Gallbladder – Fair, Fat & Forty

by on June 28, 2009

“But you’re not fair, fat and forty – what makes you think you’ve got gallstones?” This is what the doctor said to me when I told him I was there to see him because I had gallstones.

Apparently, fair skinned, overweight people around 40 years of age are the most common sufferers of gallstone attacks. But you can have gallstones or have a gallstone attack outside of these demographics.

My story

I was 31 when I was diagnosed with gallstones and told I needed surgery urgently. I was about 121 lb (55kg) – painfully thin for my height – and couldn’t eat anything that didn’t make my stomach, back and shoulder ache, throb or just plain hurt.

Evenings were worse than morning. After being told I had gallstones, I had to wait 5 weeks to see the surgeon because I didn’t have health insurance. Although the intern at the hospital said, if you feel you can’t cope, come straight to hospital and we will do an emergency operation.

I was also told that if I had to have emergency surgery I forfeited my option of having keyhole surgery. An emergency operation would mean that I would have a large cut and there was more risk involved.

Keyhole surgery is where the surgeon makes 4 cuts in the abdomen and inserts surgical instruments, a camera and drains to perform the surgery with as little trauma as possible.

Although, the abdomen is tender after keyhole surgery – it is not as painful as a large abdominal wound. Also, the time in hospital is much less with keyhole surgery. Instead of 5-7 days, keyhole surgery could be as little as 36 hours.

Each night I waited to see the surgeon, I thought to myself – can I get through the night without dying. If its still bad in the morning, I’ll go to the hospital. By morning, I was always much improved.

My remedy for the pain

Each night I would do a visualization before going to sleep. I would flood the abdomen with blue light and then imagine that all the gallstones were put in a sack so that none of them could escape and block the tube that takes the bile into the stomach. I then filled the sack with green healing light until it brightened into a flash of white light.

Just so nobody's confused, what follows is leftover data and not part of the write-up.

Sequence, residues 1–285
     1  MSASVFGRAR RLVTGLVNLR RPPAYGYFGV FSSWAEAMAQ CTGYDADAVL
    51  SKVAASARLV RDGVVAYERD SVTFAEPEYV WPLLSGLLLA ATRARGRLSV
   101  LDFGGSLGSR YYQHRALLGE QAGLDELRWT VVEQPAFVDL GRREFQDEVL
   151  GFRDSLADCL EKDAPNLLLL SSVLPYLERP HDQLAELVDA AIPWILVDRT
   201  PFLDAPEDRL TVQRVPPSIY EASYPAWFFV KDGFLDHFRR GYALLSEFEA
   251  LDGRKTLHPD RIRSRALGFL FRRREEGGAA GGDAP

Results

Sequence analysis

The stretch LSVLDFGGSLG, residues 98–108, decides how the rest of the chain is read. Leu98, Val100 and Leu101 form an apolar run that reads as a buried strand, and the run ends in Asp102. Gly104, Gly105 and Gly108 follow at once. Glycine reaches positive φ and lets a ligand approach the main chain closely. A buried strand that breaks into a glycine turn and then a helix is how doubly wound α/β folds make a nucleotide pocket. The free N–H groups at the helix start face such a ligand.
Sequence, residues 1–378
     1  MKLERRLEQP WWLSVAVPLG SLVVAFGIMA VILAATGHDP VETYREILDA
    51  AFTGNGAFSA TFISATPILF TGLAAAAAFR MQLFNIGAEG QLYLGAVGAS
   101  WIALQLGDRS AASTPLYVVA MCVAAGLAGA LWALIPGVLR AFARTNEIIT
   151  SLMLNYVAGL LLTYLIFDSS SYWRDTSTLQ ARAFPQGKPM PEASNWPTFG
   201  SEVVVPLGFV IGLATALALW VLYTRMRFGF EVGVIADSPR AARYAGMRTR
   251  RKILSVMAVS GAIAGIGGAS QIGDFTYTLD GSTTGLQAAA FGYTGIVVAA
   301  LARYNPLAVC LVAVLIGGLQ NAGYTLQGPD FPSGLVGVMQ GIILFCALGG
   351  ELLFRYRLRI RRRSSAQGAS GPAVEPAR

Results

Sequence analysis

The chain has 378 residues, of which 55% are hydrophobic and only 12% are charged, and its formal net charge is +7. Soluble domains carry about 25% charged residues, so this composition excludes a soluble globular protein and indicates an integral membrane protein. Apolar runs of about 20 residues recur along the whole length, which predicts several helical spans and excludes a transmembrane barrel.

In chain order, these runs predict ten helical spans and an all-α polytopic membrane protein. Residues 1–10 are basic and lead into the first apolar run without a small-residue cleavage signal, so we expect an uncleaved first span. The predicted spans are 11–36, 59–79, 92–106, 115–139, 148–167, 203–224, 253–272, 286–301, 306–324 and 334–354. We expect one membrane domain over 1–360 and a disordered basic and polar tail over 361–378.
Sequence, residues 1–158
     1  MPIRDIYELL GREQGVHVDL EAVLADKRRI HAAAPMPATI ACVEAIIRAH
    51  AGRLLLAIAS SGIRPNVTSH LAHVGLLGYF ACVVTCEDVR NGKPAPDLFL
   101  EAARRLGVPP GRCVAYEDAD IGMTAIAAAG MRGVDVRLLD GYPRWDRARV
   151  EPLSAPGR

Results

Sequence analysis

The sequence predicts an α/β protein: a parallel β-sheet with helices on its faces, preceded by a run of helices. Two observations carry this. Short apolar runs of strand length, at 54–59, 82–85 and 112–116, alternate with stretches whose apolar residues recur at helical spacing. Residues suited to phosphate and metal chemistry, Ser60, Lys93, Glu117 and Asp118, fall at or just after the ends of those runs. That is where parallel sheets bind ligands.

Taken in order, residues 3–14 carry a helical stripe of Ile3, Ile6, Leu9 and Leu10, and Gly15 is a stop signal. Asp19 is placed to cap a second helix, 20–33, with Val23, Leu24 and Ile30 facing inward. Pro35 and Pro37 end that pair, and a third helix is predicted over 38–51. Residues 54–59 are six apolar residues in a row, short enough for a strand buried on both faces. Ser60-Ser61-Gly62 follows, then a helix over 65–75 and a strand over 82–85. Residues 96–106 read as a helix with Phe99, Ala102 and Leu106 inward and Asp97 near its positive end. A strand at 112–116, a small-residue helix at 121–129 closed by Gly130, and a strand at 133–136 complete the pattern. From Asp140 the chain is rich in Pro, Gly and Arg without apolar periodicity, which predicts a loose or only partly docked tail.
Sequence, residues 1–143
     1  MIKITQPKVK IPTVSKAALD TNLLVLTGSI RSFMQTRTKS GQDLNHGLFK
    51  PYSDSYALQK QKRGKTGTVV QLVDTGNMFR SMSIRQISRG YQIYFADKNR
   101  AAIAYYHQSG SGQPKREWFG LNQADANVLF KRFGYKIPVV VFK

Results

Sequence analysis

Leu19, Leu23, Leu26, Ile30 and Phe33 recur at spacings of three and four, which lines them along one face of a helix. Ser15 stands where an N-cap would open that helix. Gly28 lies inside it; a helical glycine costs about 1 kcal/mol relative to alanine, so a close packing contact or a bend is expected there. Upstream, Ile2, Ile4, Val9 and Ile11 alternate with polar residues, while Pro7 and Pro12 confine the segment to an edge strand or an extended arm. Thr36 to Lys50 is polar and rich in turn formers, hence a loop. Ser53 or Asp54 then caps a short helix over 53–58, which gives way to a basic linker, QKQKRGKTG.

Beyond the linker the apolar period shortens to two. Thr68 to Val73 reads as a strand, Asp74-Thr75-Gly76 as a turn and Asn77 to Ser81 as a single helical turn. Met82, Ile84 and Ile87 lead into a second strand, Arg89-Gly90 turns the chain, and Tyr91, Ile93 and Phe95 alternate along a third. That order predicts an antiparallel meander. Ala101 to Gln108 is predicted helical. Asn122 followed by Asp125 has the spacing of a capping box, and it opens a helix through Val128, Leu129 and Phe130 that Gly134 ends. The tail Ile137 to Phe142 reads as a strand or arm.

I expected that this would keep me safe for another day while I waited to see the surgeon.

[If I had my time over again, I would not wait so long to see the surgeon – and I would take the cold pressed virgin olive oil and fresh lemon juice remedy described in an earlier blog.]

After surgery – more pain!

After surgery, it is not uncommon for patients to experience pain similar to a gallstone attack. If you experience this sort of pain – you need to check with your doctor that there aren’t any complications. Sometimes – there is no known cause for this pain … possibly it is a phantom pain.

I experienced this pain for quite some months after surgery – but ultrasounds revealed no cause for it. The surgeon said that they can’t explain why this sometimes happens.

I changed my diet to exclude fatty food – and everything settled down eventually.

This website – gallbladderattack.com – has excellent information about the gallbladder and what to eat and what not to eat – before and after surgery.

If you do have to have surgery – I highly recommend that you purchase the Before After Surgery Toolbox.

{ 16 comments… read them below or add one }

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Berta Aseng April 1, 2010 at 5:14 pm

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Reiki Guide June 13, 2010 at 10:47 am

What would be your top three tips for anyone new to this topic?

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Owen M. June 22, 2010 at 3:23 am

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June 22, 2010 at 4:53 am

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June 22, 2010 at 4:57 am

Thanks for your great question … the top 3 tips for anyone new to this topic is to:

(a) be aware of what happens to your body when you eat fatty foods
(b) don’t dismiss pain in your right shoulder as a frozen shoulder problem or an injury to your shoulder
(c) use the lemon and olive oil remedy before doing anything else

Ricky Kussman June 25, 2010 at 5:30 pm

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June 25, 2010 at 10:47 pm

Thanks Ricky … I will be writing more on gallstones and gallbladder.

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